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The Story Part of Your Book

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If you’re writing a business book, or at least a book that explains your process or the service you offer, you will spend a lot of time going through the methods of why you do what you do or why you recommend what you recommend.

Don’t forget to tell a story.

Don’t forget stories, ever.

That’s how we remember.

You may feel that your work is too serious, or your process too scientific, or may feel you don’t have it in you to care about what you consider the province of fiction writers. But you would be wrong.

If you can explain your system or process or method by also recounting how it worked with actual people in real situations, you will have a much stronger book. And readers will remember that your process worked.

They may not remember all the details of the process – which is why it’s always good to explain things several times, in blogs, reports, newsletters, in person and in your book – but they will remember the story of someone or some business that benefited from working with you or using what you’ve created.

You don’t have to think in terms of plot – you’re not writing a thriller. But you should think in terms of situation, and of people. How did someone’s life change, or business improve, with what you’ve done? What were people’s situations before working with you, and what did they do to change, thanks to what you’re outlining in your book?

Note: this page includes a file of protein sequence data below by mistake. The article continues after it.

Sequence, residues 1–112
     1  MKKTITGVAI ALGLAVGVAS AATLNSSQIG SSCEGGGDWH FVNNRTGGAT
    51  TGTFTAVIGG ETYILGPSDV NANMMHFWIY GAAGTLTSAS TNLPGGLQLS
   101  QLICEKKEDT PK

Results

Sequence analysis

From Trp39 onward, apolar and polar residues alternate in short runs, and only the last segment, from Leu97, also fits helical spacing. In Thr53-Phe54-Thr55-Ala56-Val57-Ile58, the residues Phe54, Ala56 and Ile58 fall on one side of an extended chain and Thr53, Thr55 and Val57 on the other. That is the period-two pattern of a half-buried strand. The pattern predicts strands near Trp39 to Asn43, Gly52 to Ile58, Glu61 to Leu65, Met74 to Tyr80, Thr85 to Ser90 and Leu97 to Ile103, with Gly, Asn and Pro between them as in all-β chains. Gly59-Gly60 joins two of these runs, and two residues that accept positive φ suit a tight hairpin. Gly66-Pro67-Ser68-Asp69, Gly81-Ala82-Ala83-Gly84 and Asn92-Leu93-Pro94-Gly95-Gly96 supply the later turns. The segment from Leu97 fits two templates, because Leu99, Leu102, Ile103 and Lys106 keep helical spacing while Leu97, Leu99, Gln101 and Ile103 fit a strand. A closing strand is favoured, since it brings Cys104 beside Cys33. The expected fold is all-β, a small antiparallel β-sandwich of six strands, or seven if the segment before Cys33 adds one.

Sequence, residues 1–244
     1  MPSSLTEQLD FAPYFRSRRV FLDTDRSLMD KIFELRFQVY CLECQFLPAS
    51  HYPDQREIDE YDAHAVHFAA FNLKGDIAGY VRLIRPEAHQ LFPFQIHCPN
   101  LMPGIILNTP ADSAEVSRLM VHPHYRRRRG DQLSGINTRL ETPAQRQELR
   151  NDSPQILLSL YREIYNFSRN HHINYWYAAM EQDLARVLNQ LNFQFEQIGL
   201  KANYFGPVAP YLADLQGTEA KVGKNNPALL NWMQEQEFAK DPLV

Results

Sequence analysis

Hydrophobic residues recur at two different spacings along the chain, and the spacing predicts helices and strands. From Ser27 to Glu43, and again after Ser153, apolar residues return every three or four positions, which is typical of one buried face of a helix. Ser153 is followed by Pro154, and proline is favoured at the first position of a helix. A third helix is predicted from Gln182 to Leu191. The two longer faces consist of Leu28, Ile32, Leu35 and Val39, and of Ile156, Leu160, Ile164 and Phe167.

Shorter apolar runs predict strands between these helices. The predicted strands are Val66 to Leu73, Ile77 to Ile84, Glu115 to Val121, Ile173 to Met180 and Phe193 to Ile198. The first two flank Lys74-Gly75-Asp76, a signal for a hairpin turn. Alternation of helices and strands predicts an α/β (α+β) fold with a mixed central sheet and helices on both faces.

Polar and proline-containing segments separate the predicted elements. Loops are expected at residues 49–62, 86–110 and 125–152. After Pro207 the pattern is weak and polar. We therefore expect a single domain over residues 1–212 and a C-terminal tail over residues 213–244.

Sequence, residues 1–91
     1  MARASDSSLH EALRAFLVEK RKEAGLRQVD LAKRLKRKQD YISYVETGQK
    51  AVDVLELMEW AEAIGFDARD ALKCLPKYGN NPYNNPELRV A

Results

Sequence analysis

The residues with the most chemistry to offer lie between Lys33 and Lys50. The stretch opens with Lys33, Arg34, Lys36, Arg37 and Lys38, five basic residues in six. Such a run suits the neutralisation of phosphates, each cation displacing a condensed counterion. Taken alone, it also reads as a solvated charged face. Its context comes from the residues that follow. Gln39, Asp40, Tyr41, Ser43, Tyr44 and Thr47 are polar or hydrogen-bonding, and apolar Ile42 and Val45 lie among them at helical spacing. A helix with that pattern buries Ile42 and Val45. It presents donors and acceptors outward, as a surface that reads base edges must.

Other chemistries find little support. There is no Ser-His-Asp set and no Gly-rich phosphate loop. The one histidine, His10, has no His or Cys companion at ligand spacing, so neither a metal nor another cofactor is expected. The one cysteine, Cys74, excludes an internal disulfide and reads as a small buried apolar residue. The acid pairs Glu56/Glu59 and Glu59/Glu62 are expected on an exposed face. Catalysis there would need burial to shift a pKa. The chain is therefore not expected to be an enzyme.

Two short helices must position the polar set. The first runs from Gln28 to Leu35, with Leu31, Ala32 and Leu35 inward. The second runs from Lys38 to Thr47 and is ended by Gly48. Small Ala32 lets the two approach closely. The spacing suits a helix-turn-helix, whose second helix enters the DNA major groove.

If you give palpable examples of your system, process or service through the eyes of customers or clients, you will actually have a better sense of it yourself.

A way to get the story out is to think in terms of the approach of many (too many, perhaps) newspaper articles: an anecdote lead. That is, you illustrate the point of your story by beginning that story with how someone dealt with a dilemma or situation, and then you get to the crux of the matter.

For example, “John Smith never knew that his energy bill was so high until he began using the solar panels his community forced him to install. After he installed the pricey panels he saw his monthly electricity costs were 75% lower than the previous month, and he was convinced.” The story would talk about high utility costs, the reluctance of many people to embrace solar energy, and the results of using the sun to help create electricity. But it started with someone’s story and moved to the news.

You can do a similar thing in your book. With each chapter, think in terms of how you may illustrate your point with a story. It actually gets easier to explain what you’re doing if you have “characters,” in the form of past clients or customers, whose problems you helped solve.

We all love a good story. Even those of us writing nonfiction business books.

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